Pub Rants

Query Confession

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STATUS: This song is totally making me want to visit Key West—that and the sudden cold spell Denver is having for the next two days. I’m so ready for spring.

What’s playing on the iPod right now? FINS by Jimmy Buffett

I love reading other blogs, but I have to be honest and say I haven’t been looking at my favorite sites for over two weeks. I feel so out of the loop.

So it was interesting to see one of my stats being batted around—the stat that last year the Nelson Agency read over 20,000 queries and we took on 8 new authors.

But here’s where the confession comes in.

I didn’t read 20,800 queries. My incredible assistant Sara Megibow read 20,800 queries (three cheers for Sara!) and I think it’s important that writers know the truth about that—that there are many agents who have assistants who screen the queries.

I probably only read about 4000 queries.

And how did I get that number? Well Sara, on average, usually sets aside about 60 or 80 queries for me to look at out of about 400 a week. With a little simple math, I came up with the number 4000–which I’m basically just pulling out of a hat.

Now there are some agents who read all their own queries (bless their souls—I don’t know how they do it), but I think writers should at least understand that the possibility exists that screening occurs.

In good news though, I’ve taken on two new clients since January—both from queries that were received and not by referral. Now how that will shake out in terms of final numbers for the rest of the year, I’ll let you know.

10 Responses

  1. Dave Kuzminski said:

    Should you happen to revisit P&E, our primary site was hacked and we’re using our backup site at URL which happens to be a complete copy with only a different logo from our host.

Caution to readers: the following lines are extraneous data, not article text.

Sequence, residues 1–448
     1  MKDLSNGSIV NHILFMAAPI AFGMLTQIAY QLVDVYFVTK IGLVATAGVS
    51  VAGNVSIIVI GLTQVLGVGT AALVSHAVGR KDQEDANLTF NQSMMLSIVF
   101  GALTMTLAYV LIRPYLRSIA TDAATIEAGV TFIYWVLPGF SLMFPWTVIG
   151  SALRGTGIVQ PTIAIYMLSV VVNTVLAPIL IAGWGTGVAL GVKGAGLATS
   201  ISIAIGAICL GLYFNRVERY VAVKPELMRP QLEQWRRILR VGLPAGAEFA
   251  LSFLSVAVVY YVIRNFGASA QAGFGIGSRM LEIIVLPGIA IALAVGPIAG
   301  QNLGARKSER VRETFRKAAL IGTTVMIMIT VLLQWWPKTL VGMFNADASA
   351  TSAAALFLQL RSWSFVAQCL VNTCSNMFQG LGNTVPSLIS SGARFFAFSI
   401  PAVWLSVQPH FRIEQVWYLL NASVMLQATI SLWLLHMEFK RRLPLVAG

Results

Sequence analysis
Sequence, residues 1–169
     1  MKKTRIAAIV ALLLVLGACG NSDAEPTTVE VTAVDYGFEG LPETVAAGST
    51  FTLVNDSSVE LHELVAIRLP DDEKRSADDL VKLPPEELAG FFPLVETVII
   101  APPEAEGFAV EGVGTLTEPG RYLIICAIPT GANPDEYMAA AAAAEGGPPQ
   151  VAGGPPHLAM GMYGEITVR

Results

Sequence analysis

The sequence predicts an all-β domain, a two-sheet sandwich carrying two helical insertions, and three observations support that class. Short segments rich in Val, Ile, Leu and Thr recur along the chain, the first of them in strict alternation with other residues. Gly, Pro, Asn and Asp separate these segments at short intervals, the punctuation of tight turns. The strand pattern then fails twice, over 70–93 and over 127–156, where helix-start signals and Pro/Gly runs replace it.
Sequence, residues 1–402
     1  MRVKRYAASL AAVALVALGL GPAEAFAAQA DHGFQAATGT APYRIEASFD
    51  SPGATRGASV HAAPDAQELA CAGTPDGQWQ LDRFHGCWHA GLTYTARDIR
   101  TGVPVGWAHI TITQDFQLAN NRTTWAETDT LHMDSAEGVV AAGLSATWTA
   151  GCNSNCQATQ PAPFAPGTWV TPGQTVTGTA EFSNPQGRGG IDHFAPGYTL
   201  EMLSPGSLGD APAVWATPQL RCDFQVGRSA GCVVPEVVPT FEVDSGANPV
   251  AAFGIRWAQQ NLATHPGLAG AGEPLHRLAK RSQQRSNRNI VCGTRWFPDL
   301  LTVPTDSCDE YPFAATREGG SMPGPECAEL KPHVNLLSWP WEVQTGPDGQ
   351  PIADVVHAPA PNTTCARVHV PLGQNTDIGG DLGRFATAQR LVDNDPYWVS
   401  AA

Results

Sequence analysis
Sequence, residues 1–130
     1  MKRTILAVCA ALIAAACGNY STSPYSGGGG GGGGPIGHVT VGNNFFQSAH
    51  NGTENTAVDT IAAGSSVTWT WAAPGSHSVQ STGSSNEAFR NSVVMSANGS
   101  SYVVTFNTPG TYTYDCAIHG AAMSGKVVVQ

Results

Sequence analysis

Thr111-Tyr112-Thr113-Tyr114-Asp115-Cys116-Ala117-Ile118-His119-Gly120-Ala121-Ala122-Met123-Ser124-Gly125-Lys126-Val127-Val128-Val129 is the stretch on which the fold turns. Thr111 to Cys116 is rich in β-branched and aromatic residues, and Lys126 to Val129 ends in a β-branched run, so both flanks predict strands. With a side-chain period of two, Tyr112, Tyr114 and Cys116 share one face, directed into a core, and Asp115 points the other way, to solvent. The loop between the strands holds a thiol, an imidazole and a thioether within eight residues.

Thank goodness, we were prepared. Hopefully we won’t have to reveal the location of the third P&E site.

  2. Kate said:

    The idea of reading even 4000 (let alone more than 20,000) queries is mind-boggling for me. I sit here, staring at my solitary query letter on my screen, and couldn’t imagine having to read 4,000 of (likely better) quality of these each year. I like reading, but…sheesh.

    I bow down in awe of you and your assistant

  3. Yasamin said:

    I think it’s very good that you give your assistant the credit that she deserves! 🙂 obviously with that kind of number buzzing around, she’s a hell of a reader! lol

    I think I would rather light my own hair on fire than read 20,000 queries.

  4. kathie said:

    With all that experience, Sara’s prob. on every agent’s list of people to acquire! Or she’s simply blind after logging all those reading hours. Here’s to 20,000 more for you guys to sort through. Says a lot about your work

  5. Helen DeWitt said:

    Most agents and editors had much more time for general reading between the ages of, say, 10 and 25 than they will ever have again. If they were to list the books that made the strongest impression (for example, in a blog’s “Complete Profile”), 4 or 5 hours spent on a book in 1985 could pay off again and again in 2005, 2006, 2007 (and so on) in attracting writers who also loved that book and eliminating writers who loathed it.

    I know that my former editor, Jonathan Burnham (now at HarperCollins) read Irene Handl’s “The Sioux” at 10 and loved its sophistication (book about decadent French aristocrats, not the Native American tribe). He loves Svevo, Proust, Dante, Montale, Sybille Bedford, David Mitchell… These facts are not in the public domain; no amount of online research will dig up that kind of information. 20K queries a year is about what one would expect in a world where a) writers are rarely telepathic and b) the publishing industry is deeply suspicious of the written word as a means of communication.

  6. Anonymous said:

    Does an agent ever get to the point where her agency is full — that she has so many clients that she doesn’t have time to sell one more author’s books?